# Simulation: Specifications

Mandatory element

After the equation system was loaded and the indices were specified, the model can be specified.

### Purpose

The specifications allow the user to

• assign variables to a specific group
• assign values to variables and parameters
• look at the used namespaces within the equation system
• save the variable and parameter specification for later use

### Explanation of the editor

As there are many aspects to discuss in the variable and parameter specification, both tabs are explained individually.

#### Variable specification

Once your equation system is instantiated, all variables that are not added to a parameter list appear in the window in Figure 1 (usually as unspecified). Is is then up to you to assign them their respective type. You can do that by selecting the type in the respective column. The variable specification differs between many different types of variables, i.e.,

• design values: fixed variables
• iteration values: (algebraic) variables that are (iteratively) solved in the simulation
• parameter: parameters that are not (for some reason) part of the parameter list
• Calculated values: these variables are those calculated by defined functions
• differential variables: the independent variable in differential equations, usually time or space
• state variables: these variables appear in differentials
• unspecified: all variables are initialized with this type
• optimization var: degrees of freedom in an optimization problem
• objective var: variable that is minimized or maximized in an optimization
• control: variable that can be manipulated for control purposes
• measurement: variable that is measured
• timepoint: a variable characterizing a time poit during the solution, e.g., a switch function

Note that some of these types are only necessary for optimization. The differentiation of these variables is of particular advantage when you want to design your own user-defined language specificator. If you only want to solve your model in a simulation, the design, iteration, and state variables usually suffice.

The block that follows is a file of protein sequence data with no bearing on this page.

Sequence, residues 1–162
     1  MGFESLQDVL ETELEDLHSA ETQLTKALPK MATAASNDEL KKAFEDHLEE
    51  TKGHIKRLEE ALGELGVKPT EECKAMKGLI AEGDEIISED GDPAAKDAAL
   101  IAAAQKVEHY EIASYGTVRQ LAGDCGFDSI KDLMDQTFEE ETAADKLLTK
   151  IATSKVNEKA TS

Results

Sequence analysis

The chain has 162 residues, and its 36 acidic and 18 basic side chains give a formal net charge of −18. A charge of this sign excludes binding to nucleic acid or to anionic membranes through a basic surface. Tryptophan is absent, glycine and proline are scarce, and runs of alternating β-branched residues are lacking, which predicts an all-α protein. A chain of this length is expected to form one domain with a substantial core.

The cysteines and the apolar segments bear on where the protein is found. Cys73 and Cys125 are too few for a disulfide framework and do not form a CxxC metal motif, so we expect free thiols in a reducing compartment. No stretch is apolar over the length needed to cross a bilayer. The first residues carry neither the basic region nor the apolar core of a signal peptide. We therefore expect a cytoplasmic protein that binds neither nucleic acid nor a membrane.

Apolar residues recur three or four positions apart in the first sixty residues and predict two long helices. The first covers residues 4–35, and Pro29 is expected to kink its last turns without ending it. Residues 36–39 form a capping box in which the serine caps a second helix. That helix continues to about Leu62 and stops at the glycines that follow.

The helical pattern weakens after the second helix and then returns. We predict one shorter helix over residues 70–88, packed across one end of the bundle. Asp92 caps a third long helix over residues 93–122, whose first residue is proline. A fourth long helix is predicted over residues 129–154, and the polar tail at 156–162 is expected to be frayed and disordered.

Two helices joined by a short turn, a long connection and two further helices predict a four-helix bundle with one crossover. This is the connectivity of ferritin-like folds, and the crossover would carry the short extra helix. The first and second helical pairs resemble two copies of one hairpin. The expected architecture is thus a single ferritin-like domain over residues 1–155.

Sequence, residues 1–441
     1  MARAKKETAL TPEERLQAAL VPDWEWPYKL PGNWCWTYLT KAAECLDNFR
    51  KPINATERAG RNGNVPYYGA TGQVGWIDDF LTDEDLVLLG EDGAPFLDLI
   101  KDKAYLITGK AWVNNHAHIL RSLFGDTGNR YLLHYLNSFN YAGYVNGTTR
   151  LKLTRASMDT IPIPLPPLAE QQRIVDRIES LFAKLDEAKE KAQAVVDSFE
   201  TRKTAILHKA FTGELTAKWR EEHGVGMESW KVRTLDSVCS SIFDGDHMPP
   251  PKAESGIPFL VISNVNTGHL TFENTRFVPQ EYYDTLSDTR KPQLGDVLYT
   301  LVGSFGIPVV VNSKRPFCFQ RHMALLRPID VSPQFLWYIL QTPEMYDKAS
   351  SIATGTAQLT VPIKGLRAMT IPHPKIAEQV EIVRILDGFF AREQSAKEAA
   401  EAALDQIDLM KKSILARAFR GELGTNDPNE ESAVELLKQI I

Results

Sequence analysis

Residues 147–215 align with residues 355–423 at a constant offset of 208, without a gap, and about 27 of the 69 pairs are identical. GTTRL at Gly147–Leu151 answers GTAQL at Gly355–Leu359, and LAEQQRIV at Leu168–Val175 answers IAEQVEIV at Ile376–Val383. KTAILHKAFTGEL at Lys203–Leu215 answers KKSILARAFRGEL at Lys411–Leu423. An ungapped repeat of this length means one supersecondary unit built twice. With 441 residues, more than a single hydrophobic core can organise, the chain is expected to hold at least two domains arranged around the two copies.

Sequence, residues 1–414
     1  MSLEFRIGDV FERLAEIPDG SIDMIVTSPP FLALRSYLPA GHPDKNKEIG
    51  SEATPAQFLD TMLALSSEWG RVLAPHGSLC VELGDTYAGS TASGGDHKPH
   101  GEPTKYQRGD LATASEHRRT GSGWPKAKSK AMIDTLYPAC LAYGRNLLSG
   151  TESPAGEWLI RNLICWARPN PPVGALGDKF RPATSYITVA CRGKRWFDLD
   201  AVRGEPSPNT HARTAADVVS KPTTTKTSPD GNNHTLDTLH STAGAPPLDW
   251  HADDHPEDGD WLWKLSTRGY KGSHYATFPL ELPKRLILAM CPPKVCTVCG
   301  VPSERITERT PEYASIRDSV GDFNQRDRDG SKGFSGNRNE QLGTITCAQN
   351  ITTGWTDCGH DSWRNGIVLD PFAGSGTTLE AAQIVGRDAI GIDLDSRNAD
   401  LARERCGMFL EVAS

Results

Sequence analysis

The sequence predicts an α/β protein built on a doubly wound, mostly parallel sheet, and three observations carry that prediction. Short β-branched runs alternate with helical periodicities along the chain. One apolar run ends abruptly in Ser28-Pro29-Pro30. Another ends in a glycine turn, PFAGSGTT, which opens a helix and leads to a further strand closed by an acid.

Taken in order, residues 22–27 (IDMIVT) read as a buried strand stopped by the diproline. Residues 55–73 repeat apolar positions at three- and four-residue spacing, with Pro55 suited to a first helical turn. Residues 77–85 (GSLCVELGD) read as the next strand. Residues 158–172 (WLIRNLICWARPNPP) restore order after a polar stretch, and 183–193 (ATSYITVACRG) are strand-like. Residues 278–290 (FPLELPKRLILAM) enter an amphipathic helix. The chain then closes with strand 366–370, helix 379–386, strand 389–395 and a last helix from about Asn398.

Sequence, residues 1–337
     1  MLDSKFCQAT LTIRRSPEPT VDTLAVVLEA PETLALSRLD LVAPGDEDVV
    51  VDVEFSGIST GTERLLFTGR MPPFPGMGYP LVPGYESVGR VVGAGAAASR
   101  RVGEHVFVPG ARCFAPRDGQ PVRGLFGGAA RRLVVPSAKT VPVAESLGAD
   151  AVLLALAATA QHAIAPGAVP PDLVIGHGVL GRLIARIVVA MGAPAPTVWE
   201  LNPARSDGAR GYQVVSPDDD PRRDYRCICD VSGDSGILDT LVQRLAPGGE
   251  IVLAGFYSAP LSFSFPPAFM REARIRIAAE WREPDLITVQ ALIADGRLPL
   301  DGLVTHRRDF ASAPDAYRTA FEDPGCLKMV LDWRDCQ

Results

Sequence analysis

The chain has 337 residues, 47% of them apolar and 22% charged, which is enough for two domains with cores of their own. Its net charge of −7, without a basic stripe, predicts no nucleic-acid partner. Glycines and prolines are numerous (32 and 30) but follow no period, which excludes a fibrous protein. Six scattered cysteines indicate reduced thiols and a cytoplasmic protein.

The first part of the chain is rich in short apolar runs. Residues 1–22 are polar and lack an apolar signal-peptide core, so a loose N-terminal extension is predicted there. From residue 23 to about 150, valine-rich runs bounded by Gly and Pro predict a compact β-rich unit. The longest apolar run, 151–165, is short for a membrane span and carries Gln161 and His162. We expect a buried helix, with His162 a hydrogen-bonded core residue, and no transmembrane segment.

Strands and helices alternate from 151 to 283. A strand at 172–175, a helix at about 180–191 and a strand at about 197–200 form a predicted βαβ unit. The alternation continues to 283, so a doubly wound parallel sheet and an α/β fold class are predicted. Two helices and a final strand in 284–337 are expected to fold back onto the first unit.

In each window, you see the namespace of the variable, its name, and its index (an internal value). Furthermore, you can manipulate the type (as explained above), the value, and the lower and upper bound. Additional capabilities include marking a variable as integer (for optimization), changing the scaling, selecting the engineering unit, marking a variable as independent initial condition, and entering the OPC UA name (for online applications). If you want to change the current value for more than one variable, you can always select them and right-click. Table 2 describes all element in the variable specification.

#### Parameter specification

The parameter specification is similar to the variable specification in its structure as shown in Figure 2. You can also save parameter specifications. The available parameter types include

• unspecified: every parameter is initialized with this type
• fixed: parameter cannot be changed, e.g., universal constants
• adjustable: parameters that can be changed, e.g., the number of tubes in a fixed-bed reactor. This is specifically relevant when you want to export your system as a unit operation in ACM or other tools
• as decision: parameters that shall be decision variables in an optimization problem
• as control: parameters that shall be controls in an optimization problem

The parameters have basically the same columns as the variables. Note that some of these types are only necessary for optimization. The differentiation of these parameter types is of particular advantage when you want to design your own user-defined language specificator. If parameters shall be used in a parameter estimation, the assigment of lower and upper bounds can be of use. All elements of the parameter specification are explained in Table 2.